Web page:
Tuesday, July 20, 2021

A house of prayer

In his cottage, even the poorest man may bid defiance to misery and malice. That cottage may be frail, its roof may shake, the wind may blow through it, the storms may enter it, but there is where the soul expects to be understood. Just as the body, so is the soul in need of a home. Everybody must build his own home; everybody must guard the independence and the privacy of his prayers. It is the source of security for the integrity of conscience, for whatever inkling we attain of eternity. At home I have a Father who judges and cares, who has regard for me, and, when I fail and go astray, misses me. I will never give up my home.

What is a soul without prayer? A soul runaway or a soul evicted from its own home. To those who have abandoned their home: The road may be hard and dark and far, yet do not be afraid to steer back. lf you prize grace and eternal meaning, you will discover them upon arrival.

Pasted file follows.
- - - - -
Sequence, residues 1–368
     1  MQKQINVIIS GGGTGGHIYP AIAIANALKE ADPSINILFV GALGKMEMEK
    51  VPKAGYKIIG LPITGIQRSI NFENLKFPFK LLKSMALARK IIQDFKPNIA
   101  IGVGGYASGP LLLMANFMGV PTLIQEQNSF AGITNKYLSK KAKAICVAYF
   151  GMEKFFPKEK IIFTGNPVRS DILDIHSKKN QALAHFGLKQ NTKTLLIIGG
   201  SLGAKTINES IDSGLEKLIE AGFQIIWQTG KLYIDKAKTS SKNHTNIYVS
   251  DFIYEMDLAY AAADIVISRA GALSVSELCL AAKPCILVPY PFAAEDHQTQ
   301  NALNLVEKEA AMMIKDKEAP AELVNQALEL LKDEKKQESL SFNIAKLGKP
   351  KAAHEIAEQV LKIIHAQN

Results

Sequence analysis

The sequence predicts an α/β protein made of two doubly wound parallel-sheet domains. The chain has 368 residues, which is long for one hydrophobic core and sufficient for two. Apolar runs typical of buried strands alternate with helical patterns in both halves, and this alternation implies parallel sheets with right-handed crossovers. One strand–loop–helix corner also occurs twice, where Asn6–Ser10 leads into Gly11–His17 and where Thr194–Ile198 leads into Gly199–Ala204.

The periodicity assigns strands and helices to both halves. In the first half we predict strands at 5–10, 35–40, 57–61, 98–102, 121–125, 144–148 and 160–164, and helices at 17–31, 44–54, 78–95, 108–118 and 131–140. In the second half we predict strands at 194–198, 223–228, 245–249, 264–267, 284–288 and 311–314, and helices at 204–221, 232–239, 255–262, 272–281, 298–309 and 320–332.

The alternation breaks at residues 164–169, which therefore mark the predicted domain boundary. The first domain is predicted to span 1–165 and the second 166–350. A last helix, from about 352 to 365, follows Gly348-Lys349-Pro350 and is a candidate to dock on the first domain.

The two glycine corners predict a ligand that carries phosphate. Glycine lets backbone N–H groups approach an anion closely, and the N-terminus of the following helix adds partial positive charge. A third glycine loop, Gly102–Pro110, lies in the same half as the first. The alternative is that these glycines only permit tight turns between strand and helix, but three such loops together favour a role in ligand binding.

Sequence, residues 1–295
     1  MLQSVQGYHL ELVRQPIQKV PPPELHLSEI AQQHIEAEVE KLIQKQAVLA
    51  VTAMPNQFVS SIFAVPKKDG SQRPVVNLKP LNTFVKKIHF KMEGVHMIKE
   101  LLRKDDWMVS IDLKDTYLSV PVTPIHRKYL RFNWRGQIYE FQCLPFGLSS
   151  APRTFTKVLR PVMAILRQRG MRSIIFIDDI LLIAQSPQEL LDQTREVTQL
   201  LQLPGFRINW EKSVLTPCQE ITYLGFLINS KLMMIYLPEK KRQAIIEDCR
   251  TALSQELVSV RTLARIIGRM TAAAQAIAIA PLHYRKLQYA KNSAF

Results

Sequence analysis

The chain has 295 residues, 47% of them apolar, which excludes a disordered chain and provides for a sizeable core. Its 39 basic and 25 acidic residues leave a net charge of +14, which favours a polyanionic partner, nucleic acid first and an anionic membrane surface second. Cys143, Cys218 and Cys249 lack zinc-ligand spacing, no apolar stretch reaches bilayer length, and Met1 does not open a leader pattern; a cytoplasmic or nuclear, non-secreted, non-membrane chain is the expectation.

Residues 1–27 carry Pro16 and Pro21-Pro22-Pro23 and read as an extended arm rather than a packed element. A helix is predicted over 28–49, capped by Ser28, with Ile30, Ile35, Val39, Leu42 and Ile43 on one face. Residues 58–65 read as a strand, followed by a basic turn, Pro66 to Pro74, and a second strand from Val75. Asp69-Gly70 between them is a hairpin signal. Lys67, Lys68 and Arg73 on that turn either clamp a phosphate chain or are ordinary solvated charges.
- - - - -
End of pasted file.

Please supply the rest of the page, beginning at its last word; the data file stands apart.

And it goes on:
How marvelous is my home. I enter as a suppliant and emerge as a witness; I enter as a stranger and emerge as next of kin. I may enter spiritually shapeless, inwardly disfigured, and emerge wholly changed. It is in moments of prayer that my image is forged, that my striving is fashioned. To understand the world I must love my home. lt is difficult to perceive luminosity anywhere if there is no light in my own home. It is in the light of prayer’s radiance that I find my way even in the dark. It is prayer that illumines my way. As my prayers, so is my understanding.—Abraham Joshua Heschel in Moral Grandeur and Spiritual Audacity: Essays, 258–59

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